The Ombudsman for Children published a report on consultations with children and young people under 18 years of age living in homeless accommodation in 2019, outlining their views and experiences of living in Family Hubs.

The main actors involved in the debate are the Irish Government, the Department of the Environment, Housing and Local Government, the Ombudsman for Children, homeless charities, and the media.


Homelessness and Covid-19

Focus Ireland published their third volume of ‘Focus on Homelessness’ in October 2020. This report represented data that covered the first Covid ‘lockdown’ period of homelessness. In March 2020 government measures were introduced to prevent people becoming homeless during the pandemic including a block of all evictions and a rent-freeze. In March 2020 when the stay-at-home order came into effect, there was a 12% decrease of individuals in emergency accommodation including young people.

The Homelessness Taskforce met with the Minister for Housing, Local Government and Heritage Darragh O’Brien TD in April 2021 to discuss the proposal of the Youth Homelessness Strategy because of the effects of Covid-19. The meeting also addressed the ongoing work that happens to protect homeless people at risk of Covid-19 as the vaccine strategy is rolled out.

The High-Level Homelessness Taskforce is made up of representatives from the Peter McVerry Trust, Dublin Simon Community, Focus Ireland, Threshold, DePaul, Cross Care, and the Dublin Region Homelessness Executive and meet regularly by videoconference.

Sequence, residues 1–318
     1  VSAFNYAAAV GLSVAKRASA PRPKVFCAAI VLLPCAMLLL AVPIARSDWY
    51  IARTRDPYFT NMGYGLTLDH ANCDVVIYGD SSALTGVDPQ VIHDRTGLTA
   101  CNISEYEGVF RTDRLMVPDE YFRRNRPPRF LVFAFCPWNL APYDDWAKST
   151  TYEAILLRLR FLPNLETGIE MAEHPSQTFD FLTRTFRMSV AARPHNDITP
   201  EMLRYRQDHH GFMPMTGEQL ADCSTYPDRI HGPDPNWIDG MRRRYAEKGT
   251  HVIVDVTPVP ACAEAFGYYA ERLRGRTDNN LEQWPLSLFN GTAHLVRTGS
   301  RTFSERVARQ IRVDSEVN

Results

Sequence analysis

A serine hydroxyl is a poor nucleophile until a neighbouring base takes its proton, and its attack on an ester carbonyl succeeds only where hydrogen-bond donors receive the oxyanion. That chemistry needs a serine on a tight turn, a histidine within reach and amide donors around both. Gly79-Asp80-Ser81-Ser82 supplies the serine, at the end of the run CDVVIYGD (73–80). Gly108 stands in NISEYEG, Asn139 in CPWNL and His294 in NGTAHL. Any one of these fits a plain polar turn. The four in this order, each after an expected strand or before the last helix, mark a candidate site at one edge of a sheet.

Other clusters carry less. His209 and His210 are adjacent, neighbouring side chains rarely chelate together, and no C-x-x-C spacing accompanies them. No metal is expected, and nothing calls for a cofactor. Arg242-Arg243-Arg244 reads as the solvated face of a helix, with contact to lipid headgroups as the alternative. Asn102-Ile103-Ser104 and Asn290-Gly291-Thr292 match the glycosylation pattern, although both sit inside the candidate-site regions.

Members of the Taskforce were asked to consider their current role in supporting young people experiencing homelessness, what services they are currently providing to young people in homeless services and what are the key challenges to address youth homelessness from a service provision viewpoint. This Taskforce want to reach realizable solutions and meet the specific needs of young people who end up experiencing homelessness but prevent young people from becoming homeless in the first place.


LGBTQI+ Youth Homelessness

LGBTQI+ youth homelessness has been highlighted as an issue by homeless services. According to Focus Ireland, ‘youth services staff have reported high numbers of LGBTQI+ young people are becoming homeless as a direct consequence of their sexual orientation or gender identity.’

A Qualitative Study of LGBTQI+ Youth Homelessness in Ireland published by Focus Ireland in September 2020 sought for the first time to make visible and give a voice to the specificities of LGBTIQ+ youth homelessness in Ireland.

The broad aim of this research included gathering information about:

  • the scale and triggers of LGBTQI+ youth homelessness in Ireland
  • first-hand qualitative experiences of young LGBTQI+ people who found themselves homeless
  • measures that might be adopted to combat LGBTQI+ youth homelessness in Ireland. 

To achieve these aims the research aimed to:

  • Explore the processes and ‘triggers’ that contribute to LGBTQI+ young people’s homelessness or housing instability in Ireland
  • Understand LGBTQI+ young people’s experiences of frontline homeless and related support services in Ireland
  • Examine the potential obstacles to housing of LGBTQI+ young people in Ireland
  • Compare the experiences of LGBTQI+ homeless young people in Ireland with the findings of the international research evidence on this group